Theoretical Risk: Anilingus carries a theoretical risk of transmission for the insertive partner (the person who is licking or sucking the anus) if there is exposure to infected blood, either through bloody fecal matter (bodily waste) or cuts/sores in the anal area. Anilingus carries a theoretical risk to the receptive partner (the person who is being licked/sucked) if infected blood in saliva comes in contact with anal/rectal lining.
Documented Risk: There has been one published case of HIV transmission associated with oral-anal sexual contact.
Abstinence, or the voluntary choice to refrain from sexual activity is the only 100% effective means to prevent HIV and STD transmission. Non-coital (non-sexual) forms of sexual intimacy range from holding hands, hugging, kissing, and dancing to mutual masturbation, petting, and the use of stimulating devices such as vibrators. While abstinence is an effective means of safer sex, it may be difficult to maintain.
Latex condoms provide the most effective means of preventing HIV and STD transmission during sexual encounters. But to be effective, condoms must be used correctly. An erect penis can leak seminal fluid prior to ejaculation. This fluid can contain infectious organisms that have the ability to cause infection in others. For this reason, condoms must be applied onto the penis prior to any oral, vaginal, or anal contact is made. In addition, condoms can break, allowing seminal fluids to leak. To reduce the possibility of this occurring, a water based lubricant must be used to decrease friction during intercourse. Oil based lubricants such as baby oil, Vaseline, or certain lotions can weaken a condom and should never be used.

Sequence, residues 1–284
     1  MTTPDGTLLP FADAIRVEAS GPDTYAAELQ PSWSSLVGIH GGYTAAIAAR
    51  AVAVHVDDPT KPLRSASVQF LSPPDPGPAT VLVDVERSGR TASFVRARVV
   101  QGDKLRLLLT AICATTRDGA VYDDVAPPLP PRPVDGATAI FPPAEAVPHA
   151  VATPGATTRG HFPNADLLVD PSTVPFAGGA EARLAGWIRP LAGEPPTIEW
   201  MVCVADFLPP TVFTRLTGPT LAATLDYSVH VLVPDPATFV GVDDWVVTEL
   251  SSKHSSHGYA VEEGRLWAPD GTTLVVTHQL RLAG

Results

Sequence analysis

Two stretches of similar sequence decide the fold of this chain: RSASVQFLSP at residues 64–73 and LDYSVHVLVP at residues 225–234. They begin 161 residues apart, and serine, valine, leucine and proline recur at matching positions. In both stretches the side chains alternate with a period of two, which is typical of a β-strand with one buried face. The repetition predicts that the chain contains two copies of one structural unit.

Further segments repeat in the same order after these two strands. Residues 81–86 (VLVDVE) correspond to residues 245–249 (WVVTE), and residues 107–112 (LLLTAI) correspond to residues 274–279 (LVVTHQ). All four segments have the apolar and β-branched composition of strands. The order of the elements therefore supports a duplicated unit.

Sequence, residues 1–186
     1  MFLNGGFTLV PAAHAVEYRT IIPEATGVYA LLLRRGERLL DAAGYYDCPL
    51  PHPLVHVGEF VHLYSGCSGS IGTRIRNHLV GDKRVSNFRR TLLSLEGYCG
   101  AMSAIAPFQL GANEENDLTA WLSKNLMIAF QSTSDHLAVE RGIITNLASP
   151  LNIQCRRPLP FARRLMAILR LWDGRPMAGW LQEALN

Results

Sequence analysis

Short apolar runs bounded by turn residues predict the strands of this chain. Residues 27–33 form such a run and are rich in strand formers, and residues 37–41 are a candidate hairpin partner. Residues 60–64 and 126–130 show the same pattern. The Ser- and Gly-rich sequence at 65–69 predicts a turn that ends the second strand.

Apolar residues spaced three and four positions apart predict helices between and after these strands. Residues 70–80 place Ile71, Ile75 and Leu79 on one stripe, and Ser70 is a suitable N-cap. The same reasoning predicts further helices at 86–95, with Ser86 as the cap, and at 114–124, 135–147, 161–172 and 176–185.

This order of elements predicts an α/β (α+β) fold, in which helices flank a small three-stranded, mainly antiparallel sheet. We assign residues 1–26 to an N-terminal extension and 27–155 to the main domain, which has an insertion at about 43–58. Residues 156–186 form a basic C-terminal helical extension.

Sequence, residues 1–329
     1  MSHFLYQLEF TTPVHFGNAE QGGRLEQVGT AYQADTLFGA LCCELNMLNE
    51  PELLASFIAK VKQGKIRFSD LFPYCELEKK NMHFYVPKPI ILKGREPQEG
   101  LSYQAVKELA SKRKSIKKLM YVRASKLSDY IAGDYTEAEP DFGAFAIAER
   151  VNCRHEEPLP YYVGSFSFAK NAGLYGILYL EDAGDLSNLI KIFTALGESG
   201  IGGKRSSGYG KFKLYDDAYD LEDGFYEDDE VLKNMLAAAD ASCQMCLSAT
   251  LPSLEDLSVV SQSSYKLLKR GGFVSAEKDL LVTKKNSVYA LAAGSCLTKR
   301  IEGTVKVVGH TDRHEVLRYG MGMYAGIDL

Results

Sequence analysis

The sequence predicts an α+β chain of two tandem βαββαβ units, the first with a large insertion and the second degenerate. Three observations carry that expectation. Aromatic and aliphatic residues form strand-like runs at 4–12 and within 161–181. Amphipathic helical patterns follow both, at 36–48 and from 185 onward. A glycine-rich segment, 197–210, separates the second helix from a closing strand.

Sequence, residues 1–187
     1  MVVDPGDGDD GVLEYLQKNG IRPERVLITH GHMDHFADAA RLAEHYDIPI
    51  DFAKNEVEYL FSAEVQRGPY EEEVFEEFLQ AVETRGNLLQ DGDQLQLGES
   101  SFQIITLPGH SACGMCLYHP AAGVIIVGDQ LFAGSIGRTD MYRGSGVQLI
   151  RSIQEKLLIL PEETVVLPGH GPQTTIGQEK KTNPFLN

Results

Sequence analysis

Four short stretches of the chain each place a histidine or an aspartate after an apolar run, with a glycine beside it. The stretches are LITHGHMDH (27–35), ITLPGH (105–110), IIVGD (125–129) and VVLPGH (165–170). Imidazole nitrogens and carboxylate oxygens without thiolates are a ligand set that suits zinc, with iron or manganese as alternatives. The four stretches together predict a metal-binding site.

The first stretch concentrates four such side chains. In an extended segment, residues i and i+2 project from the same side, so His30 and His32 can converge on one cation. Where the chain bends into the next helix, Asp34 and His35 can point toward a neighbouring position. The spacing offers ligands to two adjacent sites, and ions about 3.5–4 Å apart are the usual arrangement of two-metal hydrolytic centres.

Important Fact! - Sheepskin condoms do not provide an effective barrier to HIV and other STD's and should not be used for that purpose.
While data on the effectiveness of the female condom is limited it is a good alternative for a woman whose partner is reluctant to wear a condom or is unable due to a latex allergy. Female condoms allow a woman to assume control over safer sex. Slipping inside the vagina, the female condom provides a lubricated barrier that is stronger than latex. It can be inserted up to eight hours prior to intercourse, providing for the spontaneity that often is lost with latex condoms.
Dental dams are rectangular squares of latex that are used during oral sex, both oral-vaginal and oral-anal. During sex, latex dams are stretched across your partner's genitals to prevent your tongue from touching your partner's bodily secretions. They are effective method of disease prevention, but can be difficult to hold in place. A dab of water soluble lubricant placed on the genital side of the dam can help hold it in place.
Because anal and vaginal sex are much riskier and because most individuals who engage in unprotected (i.e., without a condom) oral sex also engage in unprotected anal and/or vaginal sex, the exact proportion of HIV infections attributable to oral sex alone is unknown, but is likely to be very small. While this has led some people to believe that oral sex is completely safe keep in mind that It is not!